Sergeant Felix, 34, a veteran of the Iraq War, was also ordered to forfeit all pay, demoted to private and given a dishonorable discharge.
Sergeant Felix was a central figure in what was found to be a group of abusive drill instructors at Parris Island. After the March 2016 suicide at the base, a hazing investigation led to charges against him, five other drill instructors and the training battalion’s commanding officer. Eleven others faced lesser discipline.
George Takei took to Twitter on Saturday to deny groping a male model, and Richard Dreyfuss said he never exposed himself to a female writer helping him with a TV script. https://t.co/k9TvafC2FK pic.twitter.com/OyVpHEUI6f
— ABC News (@ABC) November 12, 2017
An air traffic controller at a North Carolina airport was arrested after he was found to be in possession of a homemade explosive device, police said.
Paul George Dandan, 30, was arrested Friday, a week after police received a 911 call about a person with a bomb and went to his house in Charlotte, according to the Charlotte-Mecklenburg Police Department. A bomb squad sent to the house later confirmed that the device was a homemade pipe bomb, police said.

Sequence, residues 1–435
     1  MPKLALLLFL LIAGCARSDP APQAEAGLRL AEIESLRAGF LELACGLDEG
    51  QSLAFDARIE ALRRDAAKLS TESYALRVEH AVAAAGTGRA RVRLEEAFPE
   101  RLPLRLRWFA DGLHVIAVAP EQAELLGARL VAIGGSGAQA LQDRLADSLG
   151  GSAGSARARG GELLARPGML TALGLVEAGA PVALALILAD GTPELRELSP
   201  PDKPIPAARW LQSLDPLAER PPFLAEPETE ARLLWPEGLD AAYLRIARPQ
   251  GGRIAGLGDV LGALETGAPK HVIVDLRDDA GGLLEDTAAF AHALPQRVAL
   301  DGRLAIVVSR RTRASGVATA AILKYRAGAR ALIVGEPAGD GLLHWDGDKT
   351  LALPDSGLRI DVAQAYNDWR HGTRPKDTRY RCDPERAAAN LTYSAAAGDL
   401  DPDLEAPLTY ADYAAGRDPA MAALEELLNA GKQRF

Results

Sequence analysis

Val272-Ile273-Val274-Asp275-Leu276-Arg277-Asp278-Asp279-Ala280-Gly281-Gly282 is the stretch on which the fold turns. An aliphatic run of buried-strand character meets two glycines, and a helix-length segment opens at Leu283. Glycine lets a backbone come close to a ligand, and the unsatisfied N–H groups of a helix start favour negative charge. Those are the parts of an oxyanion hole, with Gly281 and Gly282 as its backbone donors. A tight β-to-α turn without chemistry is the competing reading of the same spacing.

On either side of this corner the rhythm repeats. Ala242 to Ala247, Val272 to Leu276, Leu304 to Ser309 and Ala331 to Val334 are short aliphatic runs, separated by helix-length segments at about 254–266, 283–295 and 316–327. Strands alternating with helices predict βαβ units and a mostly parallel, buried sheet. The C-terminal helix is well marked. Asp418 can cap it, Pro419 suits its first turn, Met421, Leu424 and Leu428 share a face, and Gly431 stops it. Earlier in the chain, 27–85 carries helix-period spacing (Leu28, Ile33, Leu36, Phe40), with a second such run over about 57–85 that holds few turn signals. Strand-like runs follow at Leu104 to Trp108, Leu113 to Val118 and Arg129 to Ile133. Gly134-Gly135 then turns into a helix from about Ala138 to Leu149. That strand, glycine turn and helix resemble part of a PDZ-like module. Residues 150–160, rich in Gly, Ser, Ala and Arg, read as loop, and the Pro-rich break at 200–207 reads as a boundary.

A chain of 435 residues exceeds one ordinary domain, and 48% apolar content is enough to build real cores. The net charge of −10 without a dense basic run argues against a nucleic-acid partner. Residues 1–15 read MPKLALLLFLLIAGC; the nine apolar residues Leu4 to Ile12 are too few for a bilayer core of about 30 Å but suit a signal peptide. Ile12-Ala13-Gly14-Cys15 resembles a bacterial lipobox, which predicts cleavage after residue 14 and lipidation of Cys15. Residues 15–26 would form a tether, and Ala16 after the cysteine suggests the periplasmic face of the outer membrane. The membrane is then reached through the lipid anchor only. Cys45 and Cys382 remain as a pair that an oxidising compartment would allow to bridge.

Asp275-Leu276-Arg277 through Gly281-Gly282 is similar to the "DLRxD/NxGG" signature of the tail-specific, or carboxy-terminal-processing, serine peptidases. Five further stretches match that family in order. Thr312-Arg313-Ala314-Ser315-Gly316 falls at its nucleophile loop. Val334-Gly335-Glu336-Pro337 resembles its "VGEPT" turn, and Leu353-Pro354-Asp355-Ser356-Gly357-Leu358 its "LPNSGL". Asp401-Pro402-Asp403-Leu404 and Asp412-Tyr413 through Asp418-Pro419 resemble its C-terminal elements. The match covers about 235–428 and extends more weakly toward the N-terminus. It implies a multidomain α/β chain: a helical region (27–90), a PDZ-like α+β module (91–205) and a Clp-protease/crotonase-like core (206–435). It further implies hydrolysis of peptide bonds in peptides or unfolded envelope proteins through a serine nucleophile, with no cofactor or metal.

The investigation led police to another man, Derrick Fells, 39, who they say created the device. Fells told police that he had planned to use the bomb against a neighbor with whom he had a feud, but he changed his mind and gave it to Dandan, an air traffic controller at the Charlotte Douglas International Airport.
Police did not say how Dandan and Fells knew each other, nor did they say why Fells gave the device to Dandan or why Dandan accepted it. It also is unclear what plans, if any, Dandan had for the bomb, or if the airport was targeted. A spokesman for the police department did not respond to follow-up questions from The Washington Post.